Cleanup crews have started tearing down the largest remaining collection of buildings at the former K-25 site, which was built during World War II and enriched uranium for nuclear weapons and power plants through the Cold War.
The demolition work is occurring at the Centrifuge Complex at the K-25 site, now known as East Tennessee Technology Park or Heritage Center. The Centrifuge Complex is on the south side of ETTP. It includes the tall, white buildings visible from Highway 58.
Oak Ridge crews began demolishing the K-1200 section of the Centrifuge Complex in February. It’s the second of four sections.
Deactivation and demolition work in the first section of the complex was recently completed. That portion was a Manhattan Project facility built for research and development in 1944.
“Demolition of the first section has already created a significant landscape change,” said James Daffron, ETTP portfolio federal project director. “Removal of the entire complex will be one of the most visible skyline changes we’ve accomplished at the site, and it will bring us to the finish line of our goal to complete all major demolitions at ETTP this year.”
The Centrifuge Complex included 235,000 square feet of building space and structures of up to 180 feet in height. It was built in stages to develop, test, and demonstrate centrifuge technologies for uranium enrichment. The last of the facilities stopped operating in the mid-1980s.
Getting the complex ready for demolition is a major effort that involves removing hazards and ensuring the safe, efficient removal of structures, according to the U.S. Department of Energy Office of Environmental Management. Deactivation includes disconnecting all power and utilities, performing characterization and sampling, and removing asbestos and other waste. Crews also vent, purge, drain, and inspect piping and equipment to prepare it for disposal.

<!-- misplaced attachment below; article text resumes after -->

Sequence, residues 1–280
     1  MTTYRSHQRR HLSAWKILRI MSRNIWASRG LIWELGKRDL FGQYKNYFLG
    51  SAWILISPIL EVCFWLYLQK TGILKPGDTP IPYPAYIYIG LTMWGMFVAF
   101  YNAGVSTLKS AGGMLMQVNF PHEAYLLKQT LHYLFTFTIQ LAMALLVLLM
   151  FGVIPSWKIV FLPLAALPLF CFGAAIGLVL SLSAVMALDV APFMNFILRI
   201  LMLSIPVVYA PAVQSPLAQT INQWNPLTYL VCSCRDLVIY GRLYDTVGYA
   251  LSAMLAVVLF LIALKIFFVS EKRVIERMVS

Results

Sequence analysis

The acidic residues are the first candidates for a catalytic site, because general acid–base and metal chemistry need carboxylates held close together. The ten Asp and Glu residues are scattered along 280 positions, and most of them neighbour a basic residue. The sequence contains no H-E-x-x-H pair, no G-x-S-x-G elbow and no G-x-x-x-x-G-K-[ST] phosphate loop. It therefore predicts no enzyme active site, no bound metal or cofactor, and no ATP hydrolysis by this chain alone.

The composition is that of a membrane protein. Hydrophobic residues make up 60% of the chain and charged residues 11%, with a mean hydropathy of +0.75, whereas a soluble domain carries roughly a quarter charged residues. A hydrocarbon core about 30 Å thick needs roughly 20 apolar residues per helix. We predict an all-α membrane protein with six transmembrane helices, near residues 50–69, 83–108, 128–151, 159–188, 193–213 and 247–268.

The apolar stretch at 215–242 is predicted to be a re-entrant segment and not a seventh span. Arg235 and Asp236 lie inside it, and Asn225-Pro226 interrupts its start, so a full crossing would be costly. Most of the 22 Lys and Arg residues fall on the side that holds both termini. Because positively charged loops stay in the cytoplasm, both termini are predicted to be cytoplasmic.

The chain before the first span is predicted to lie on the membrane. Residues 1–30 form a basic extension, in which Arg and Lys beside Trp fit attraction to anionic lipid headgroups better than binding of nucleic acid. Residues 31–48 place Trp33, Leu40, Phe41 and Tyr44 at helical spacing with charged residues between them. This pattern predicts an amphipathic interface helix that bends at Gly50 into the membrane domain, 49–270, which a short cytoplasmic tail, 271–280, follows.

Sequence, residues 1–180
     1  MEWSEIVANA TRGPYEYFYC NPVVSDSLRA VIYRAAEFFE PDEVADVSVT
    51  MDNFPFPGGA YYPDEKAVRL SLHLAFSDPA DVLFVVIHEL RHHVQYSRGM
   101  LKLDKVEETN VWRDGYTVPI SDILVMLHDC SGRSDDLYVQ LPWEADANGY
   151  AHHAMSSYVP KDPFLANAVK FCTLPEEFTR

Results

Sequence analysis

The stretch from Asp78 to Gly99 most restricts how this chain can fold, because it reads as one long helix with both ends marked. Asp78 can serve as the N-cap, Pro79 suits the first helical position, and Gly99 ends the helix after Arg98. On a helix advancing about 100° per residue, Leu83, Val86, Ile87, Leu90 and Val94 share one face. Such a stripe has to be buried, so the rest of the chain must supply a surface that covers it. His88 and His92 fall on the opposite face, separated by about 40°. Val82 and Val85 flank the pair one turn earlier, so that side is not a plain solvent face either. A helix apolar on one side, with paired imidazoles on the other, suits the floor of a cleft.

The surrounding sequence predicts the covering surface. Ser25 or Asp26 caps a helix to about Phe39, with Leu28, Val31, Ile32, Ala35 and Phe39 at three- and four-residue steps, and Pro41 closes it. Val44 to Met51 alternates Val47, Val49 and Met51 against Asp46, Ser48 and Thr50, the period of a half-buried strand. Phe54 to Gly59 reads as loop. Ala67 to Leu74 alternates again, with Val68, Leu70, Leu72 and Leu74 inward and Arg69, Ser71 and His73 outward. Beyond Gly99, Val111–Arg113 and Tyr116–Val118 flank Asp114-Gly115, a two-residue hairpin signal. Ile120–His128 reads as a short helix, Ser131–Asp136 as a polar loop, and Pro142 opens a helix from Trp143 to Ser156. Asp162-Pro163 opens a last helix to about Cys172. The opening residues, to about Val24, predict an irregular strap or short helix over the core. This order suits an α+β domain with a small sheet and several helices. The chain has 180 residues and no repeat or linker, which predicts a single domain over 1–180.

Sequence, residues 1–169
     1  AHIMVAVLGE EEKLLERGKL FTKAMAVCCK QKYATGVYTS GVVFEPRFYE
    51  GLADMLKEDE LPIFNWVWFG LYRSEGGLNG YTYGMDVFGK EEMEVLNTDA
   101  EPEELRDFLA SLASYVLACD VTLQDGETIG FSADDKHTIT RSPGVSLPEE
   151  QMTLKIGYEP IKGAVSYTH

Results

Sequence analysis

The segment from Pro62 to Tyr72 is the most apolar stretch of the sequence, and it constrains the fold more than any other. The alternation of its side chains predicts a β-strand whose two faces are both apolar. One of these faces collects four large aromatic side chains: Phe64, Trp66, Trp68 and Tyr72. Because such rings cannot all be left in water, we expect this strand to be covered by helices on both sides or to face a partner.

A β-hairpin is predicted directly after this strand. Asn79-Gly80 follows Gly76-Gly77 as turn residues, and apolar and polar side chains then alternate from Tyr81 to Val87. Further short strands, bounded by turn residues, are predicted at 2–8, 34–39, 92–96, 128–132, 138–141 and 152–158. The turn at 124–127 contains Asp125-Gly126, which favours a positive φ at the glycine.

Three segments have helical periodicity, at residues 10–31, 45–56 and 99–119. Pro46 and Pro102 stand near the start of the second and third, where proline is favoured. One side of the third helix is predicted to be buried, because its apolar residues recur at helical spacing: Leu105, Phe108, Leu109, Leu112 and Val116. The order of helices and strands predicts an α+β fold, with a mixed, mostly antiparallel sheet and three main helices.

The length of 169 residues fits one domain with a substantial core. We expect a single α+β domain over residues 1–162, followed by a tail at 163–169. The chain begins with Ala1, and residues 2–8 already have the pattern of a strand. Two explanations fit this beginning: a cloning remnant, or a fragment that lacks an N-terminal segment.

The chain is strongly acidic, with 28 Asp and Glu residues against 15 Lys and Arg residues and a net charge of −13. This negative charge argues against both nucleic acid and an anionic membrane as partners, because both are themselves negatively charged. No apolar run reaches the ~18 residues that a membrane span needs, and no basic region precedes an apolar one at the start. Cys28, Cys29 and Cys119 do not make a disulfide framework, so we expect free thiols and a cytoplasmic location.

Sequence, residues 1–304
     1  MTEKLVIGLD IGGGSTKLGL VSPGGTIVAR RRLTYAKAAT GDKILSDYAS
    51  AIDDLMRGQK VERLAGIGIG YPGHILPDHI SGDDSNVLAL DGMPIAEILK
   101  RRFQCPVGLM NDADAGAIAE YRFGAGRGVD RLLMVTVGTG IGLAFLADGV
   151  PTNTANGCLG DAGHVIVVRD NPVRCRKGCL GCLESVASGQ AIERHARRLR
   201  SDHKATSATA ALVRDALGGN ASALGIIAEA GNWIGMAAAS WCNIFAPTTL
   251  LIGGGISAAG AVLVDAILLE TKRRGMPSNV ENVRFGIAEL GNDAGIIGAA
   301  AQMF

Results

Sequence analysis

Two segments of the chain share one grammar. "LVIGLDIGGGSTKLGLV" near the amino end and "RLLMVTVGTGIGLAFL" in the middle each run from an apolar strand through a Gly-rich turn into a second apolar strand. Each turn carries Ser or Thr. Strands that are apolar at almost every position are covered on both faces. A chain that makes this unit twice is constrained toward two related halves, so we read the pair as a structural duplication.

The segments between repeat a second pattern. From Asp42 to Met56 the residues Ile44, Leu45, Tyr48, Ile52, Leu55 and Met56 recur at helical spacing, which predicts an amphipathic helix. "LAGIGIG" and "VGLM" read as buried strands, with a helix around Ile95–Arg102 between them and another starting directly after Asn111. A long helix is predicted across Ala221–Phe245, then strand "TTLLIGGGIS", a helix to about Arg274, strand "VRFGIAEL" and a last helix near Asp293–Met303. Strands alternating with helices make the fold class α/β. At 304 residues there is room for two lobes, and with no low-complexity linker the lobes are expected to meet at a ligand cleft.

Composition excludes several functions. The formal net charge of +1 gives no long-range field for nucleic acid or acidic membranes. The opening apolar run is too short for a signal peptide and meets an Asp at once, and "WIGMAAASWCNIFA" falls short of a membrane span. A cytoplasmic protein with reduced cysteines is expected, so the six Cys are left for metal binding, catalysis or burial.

Many pieces of equipment were removed prior to the start of demolition at the Centrifuge Complex. Because the work is being conducted in separate sections, demolition can take place in physically separated and deactivated sections while deactivation continues in other sections of the complex, DOE said in an “EM Update” newsletter published Tuesday.
Workers are now demolishing a nearly 83,000-square-foot section known as the Advanced Machine Development Laboratory and Component Preparation Laboratory. It was used from 1975 to 1985 to develop machines and manufacturing processes for centrifuges. More recently, it was leased by Materials and Energy Corporation for commercial waste operations and to support the processing of DOE waste. That lease ended last year.
Deactivation and demolition of all sections of the Centrifuge Complex is scheduled for completion this year. After the major demolition at ETTP is presumably completed this year, some work, such as groundwater remediation, will remain.
Operations at the K-25 site, which has about 700 acres in its main plant area, shut down in the mid-1980s, and it is being transformed into an industrial park that could include the planned Oak Ridge Airport, a national park site that will include K-25 history buildings, and a conservation area.
The Office of Environmental Management has transferred almost 1,300 acres at ETTP for economic development, and another 600 acres are expected to be transferred later. EM has also set aside more than 100 acres for historic preservation and placed more than 3,000 acres in conservation for community recreational use, DOE said.
More information will be added as it becomes available.
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